10. ^ a b Yan VC, Muller FL (14 May 2020). "Gilead should ditch remdesivir and focus on its simpler and safer ancestor". Statnews. Retrieved 5 July 2020.
  11. ^ Siebenand S (15 April 2020). "Remdesivir-Metabolit noch schärfere Waffe gegen Covid-19?". Pharmazeutische Zeitung. Retrieved 6 July 2020.
  12. ^ "Fact Sheet for Health Care Providers Emergency Use Authorization (EUA) of Veklrty® (remdesivir)". Food and Drug Administration. July 2020. Retrieved 15 August 2020.
  13. ^ "Letter to Gilead and Senior Federal Health Officials Calling for Immediate Study of the Antiviral Drug GS-441524 as a Potential Treatment for COVID-19" (Press release). Public Citizen. Public Citizen. 4 August 2020. Retrieved 15 August 2020.
  14. ^ Imran, Mohd.; Alshrari, Ahmed Subeh; Asdaq, Syed Mohammed Basheeruddin (August 2021). "Trends in the development of remdesivir based inventions against COVID-19 and other disorders: A patent review". Journal of Infection and Public Health. 14 (8): 1075–1086. doi:10.1016/j.jiph.2021.06.013. PMC 8236076. PMID 34243049.
  15. ^ Li Y, Cao L, Li G, Cong F, Li Y, Sun J, et al. (February 2021). "Remdesivir Metabolite GS-441524 Effectively Inhibits SARS-CoV-2 Infection in Mouse Models". Journal of Medicinal Chemistry. 65 (4): 2785–2793. doi:10.1021/acs.jmedchem.0c01929. PMC 7875336. PMID 33523654.
  16. ^ Yin W, Luan X, Li Z, Xie Y, Zhou Z, Liu J, Gao M, Wang X, Zhou F, Wang Q, Wang Q (January 2020). "Structural basis for repurpose and design of nucleoside drugs for treating COVID-19". bioRxiv. doi:10.1101/2020.11.01.363812. S2CID 226263471.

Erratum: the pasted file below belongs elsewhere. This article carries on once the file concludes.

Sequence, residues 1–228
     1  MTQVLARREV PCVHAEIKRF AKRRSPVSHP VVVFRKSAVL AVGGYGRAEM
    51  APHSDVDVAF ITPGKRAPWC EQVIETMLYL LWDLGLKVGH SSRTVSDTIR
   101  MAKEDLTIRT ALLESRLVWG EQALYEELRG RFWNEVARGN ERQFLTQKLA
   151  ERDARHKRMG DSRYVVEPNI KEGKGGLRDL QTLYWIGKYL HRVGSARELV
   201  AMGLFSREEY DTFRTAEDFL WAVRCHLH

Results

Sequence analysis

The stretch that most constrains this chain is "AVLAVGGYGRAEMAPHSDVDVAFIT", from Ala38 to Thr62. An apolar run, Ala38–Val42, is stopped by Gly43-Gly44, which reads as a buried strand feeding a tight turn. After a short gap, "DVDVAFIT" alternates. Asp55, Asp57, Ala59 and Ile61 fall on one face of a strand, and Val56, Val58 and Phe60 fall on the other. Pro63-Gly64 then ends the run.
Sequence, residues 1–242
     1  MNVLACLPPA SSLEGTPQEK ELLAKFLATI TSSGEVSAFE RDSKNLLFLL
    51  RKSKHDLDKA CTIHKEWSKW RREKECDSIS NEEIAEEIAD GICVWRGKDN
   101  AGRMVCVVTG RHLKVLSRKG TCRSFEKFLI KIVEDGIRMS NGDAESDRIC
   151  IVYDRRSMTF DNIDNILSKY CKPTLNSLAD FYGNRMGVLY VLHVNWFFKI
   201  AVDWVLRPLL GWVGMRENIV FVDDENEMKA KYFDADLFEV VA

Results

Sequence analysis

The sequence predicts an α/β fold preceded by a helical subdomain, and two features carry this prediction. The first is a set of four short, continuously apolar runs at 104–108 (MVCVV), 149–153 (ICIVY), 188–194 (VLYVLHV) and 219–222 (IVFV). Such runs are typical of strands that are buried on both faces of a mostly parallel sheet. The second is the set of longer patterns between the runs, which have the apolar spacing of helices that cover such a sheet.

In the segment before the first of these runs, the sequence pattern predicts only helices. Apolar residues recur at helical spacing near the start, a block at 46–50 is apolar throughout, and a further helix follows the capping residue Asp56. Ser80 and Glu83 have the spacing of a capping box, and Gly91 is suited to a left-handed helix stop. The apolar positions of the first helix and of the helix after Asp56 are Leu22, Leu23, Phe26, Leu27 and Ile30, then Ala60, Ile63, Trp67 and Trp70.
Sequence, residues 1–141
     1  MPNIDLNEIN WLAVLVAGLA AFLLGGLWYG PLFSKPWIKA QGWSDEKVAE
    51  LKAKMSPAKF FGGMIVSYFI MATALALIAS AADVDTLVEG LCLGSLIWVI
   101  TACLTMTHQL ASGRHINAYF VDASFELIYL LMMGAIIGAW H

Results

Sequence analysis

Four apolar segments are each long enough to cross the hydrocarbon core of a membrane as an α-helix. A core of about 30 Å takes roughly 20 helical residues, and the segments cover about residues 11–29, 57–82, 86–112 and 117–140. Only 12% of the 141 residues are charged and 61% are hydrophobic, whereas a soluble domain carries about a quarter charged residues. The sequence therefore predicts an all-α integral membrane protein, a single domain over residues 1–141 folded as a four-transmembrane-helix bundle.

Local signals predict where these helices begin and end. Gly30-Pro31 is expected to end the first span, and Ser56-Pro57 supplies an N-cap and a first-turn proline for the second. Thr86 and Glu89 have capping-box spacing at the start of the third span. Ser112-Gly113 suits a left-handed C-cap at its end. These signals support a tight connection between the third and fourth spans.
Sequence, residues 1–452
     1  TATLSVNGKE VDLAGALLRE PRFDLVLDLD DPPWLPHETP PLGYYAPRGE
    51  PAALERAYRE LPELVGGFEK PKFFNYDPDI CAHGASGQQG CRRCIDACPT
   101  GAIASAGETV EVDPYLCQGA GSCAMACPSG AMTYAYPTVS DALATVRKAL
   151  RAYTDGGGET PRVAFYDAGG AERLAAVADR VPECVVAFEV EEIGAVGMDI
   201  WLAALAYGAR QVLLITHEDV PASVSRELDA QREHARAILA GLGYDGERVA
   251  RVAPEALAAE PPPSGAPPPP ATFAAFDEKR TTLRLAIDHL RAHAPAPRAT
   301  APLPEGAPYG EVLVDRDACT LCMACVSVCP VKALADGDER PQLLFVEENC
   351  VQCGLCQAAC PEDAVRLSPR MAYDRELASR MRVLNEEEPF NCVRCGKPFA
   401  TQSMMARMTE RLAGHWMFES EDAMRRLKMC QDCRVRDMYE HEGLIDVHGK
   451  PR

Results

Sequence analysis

17. ^ Russo, Alicia A.; Johnson, Jason (February 2015). "Research Use Exemptions to Patent Infringement for Drug Discovery and Development in the United States". Cold Spring Harbor Perspectives in Medicine. 2 (5): a020933. doi:10.1101/cshperspect.a020933. PMC 4315915. PMID 25359549.
  18. ^ Clinical trial number NCT04859244 for "First-in-Human Study of Orally Administered GS-441524 for COVID-19" at
  19. ^ Cao, Zhujun; Gao, Weiyi; Bao, Hong; Feng, Haiyan; Mei, Shuya; Chen, Peizhan; Gao, Yueqiu; Cui, Zhilei; Zhang, Qin; Meng, Xianmin; Gui, Honglian; Wang, Weijing; Jiang, Yimei; Song, Zijia; Shi, Yiqing; Sun, Jing; Zhang, Yifei; Xie, Qing; Xu, Yiping; Ning, Guang; Gao, Yuan; Zhao, Ren (28 December 2022). "VV116 versus Nirmatrelvir–Ritonavir for Oral Treatment of Covid-19". New England Journal of Medicine: NEJMoa2208822. doi:10.1056/NEJMoa2208822. PMC 9812289. PMID 36577095.
  20. ^ Warren TK, Jordan R, Lo MK, Ray AS, Mackman RL, Soloveva V, et al. (March 2016). "Therapeutic efficacy of the small molecule GS-5734 against Ebola virus in rhesus monkeys". Nature. 531 (7594): 381–5. doi:10.1038/nature17180. PMC 5551389. PMID 26934220.
  21. ^ Sheahan TP, Sims AC, Graham RL, Menachery VD, Gralinski LE, Case JB, et al. (June 2017). "Broad-spectrum antiviral GS-5734 inhibits both epidemic and zoonotic coronaviruses". Science Translational Medicine. 9 (396): eaal3653. doi:10.1126/scitranslmed.aal3653. PMC 5567817. PMID 28659436.
  22. ^ Williamson BN, Feldmann F, Schwarz B, Meade-White K, Porter DP, Schulz J, et al. (April 2020). "Clinical benefit of remdesivir in rhesus macaques infected with SARS-CoV-2". bioRxiv: 2020.04.15.043166. doi:10.1101/2020.04.15.043166. PMC 7239049. PMID 32511319.
  23. ^ WP:CALC
  24. ^ "GS-441524 Studies". National Center for Advancing Translational Sciences (NCATS). 21 April 2021.
  25. ^ Giovinco J (14 February 2020). "Feline coronavirus treatment could stop spread of COVID-19 in humans, doctor says". Fox 5. New York.